Following the rules of draw poker, the player may attempt to improve the ranking of the five-card hand by discarding up to five cards and replacing them with new cards (i.e., a modified hand) randomly generated by CPU from the same master set (the deck, mixed deck, or individual decks for each player's card position) as the originally dealt cards. The player identifies the cards he or she wants to retain by activating buttons 48 which correspond to those cards (Step 112). The player may reverse this decision by activating the same buttons 48 for a second time, thus releasing the hold on the previously identified cards. To discard the unwanted cards, the player presses button 46 (Step 114). The discarded cards are automatically replaced with the same number of new cards.
At some point in the play of the game, here shown for exemplary purposes as simultaneously dealt with the last replacement card in draw poker, when the last hold button is pressed in draw poker, when the last card is displayed in stud poker, or at the end of the game in any type of poker, the single card located in area 56 is displayed face up. The face value, rank or face value and rank of the card displayed in area 56 determines the wild card or cards in this round of the game. Preferably all cards in the five-card hand (or more cards) which have the same face value as the card displayed in area 56 are designated wild, i.e., they may possess any specified value. The CPU evaluates the ranking of the five-card hand and, when wild cards are present, assigns to the hand the highest allowable rank made possible by the wild cards (Step 116). The card displayed in area 56 is not actually included in the player's five-card-hand for determining a ranking; that is, it does actually not become a part of the hand. However, since it is generated from a distinct deck of standard playing cards, a number of advantages are present which were not possible when the wild card is drawn from the master set of cards. Although the deck used to draw the wild card may be a standard 52-card deck, it may be a special deck such as a Spanish Twenty-One deck.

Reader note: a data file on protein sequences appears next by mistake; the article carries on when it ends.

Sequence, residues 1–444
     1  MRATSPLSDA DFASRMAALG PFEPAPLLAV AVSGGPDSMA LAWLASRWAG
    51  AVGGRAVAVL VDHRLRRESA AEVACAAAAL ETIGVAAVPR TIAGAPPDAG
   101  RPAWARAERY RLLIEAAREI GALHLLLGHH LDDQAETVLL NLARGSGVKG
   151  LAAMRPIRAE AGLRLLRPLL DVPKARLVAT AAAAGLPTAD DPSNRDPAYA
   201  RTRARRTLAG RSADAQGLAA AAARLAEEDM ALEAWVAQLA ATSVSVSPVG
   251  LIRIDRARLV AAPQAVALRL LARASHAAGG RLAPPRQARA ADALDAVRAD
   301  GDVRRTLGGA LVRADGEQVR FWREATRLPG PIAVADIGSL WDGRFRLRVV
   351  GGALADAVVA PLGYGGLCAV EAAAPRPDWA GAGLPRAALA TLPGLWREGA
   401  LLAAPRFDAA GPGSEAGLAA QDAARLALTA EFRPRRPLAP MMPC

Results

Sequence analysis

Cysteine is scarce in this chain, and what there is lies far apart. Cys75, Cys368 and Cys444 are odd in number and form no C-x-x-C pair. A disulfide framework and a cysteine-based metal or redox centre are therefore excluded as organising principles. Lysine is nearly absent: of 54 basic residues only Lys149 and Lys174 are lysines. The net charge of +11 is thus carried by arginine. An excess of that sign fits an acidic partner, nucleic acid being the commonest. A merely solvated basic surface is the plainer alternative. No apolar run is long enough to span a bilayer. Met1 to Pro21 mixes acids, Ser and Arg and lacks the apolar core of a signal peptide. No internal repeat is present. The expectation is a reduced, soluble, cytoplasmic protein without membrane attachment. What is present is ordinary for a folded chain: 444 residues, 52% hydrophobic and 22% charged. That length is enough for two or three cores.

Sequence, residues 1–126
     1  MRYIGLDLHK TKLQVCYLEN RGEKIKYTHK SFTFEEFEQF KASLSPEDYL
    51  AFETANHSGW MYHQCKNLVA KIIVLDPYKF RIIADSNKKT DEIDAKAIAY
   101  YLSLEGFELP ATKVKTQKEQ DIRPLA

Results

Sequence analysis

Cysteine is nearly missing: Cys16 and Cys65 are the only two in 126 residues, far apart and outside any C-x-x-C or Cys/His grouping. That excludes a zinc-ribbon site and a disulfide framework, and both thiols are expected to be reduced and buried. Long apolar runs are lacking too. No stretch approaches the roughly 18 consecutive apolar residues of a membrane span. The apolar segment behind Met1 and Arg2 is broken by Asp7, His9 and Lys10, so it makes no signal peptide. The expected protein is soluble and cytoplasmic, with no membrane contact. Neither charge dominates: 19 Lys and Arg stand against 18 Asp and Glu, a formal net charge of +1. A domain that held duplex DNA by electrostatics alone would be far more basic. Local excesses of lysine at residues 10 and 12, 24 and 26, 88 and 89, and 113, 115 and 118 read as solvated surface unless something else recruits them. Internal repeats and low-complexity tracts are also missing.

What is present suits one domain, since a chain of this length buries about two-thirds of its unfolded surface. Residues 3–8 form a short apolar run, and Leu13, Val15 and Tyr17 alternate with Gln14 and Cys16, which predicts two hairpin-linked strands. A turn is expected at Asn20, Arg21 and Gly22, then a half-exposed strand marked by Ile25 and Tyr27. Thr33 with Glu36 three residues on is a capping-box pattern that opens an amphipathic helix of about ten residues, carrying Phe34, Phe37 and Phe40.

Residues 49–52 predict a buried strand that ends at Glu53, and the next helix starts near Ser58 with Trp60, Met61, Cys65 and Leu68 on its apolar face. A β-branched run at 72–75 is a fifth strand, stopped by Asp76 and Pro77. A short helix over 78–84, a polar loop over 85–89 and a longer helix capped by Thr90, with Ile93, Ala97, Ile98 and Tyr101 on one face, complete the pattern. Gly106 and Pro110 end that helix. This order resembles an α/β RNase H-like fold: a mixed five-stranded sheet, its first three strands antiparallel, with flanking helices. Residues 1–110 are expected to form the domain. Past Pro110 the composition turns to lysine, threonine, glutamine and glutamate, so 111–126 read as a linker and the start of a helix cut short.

There are a number of advantages that may be found in the play of this game.
Advantage #1: The game allows for a single card to be designated as special.
When a single card is selected as the designator for all wild cards in a specific game, a pay table can designate that randomly specified card as special. This is only possible when the designator card is selected from an external deck. If the card were selected from the deck in play, there would be no feasible way to specify that card as wild without removing it from play.
For example, if one were to try to construct the pay as designated above in “advantage #2” it would not be possible for the King of Spades to appear in a player's hand. Thus, that specific card could not be used as a qualifier for a hand comprised of Kings and Spades.
Advantage #2: The method allows for the wild card selection without affecting the base game.
Assume there is a five-card stud game, which includes a side game. In this side game, the player may make a separate wager that pays according to the number of cards in his stud hand that match the suit and/or rank of an externally selected wild card. If the wild card is selected from an external deck, the base game will not be affected by the wild card selection for the side game.